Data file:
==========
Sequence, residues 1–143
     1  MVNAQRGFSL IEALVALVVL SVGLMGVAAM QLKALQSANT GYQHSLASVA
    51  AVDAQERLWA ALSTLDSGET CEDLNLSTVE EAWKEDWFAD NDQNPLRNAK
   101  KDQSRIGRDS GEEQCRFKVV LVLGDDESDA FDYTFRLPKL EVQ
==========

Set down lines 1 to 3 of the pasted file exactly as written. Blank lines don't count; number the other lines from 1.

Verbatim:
Sequence, residues 1–143
     1  MVNAQRGFSL IEALVALVVL SVGLMGVAAM QLKALQSANT GYQHSLASVA
    51  AVDAQERLWA ALSTLDSGET CEDLNLSTVE EAWKEDWFAD NDQNPLRNAK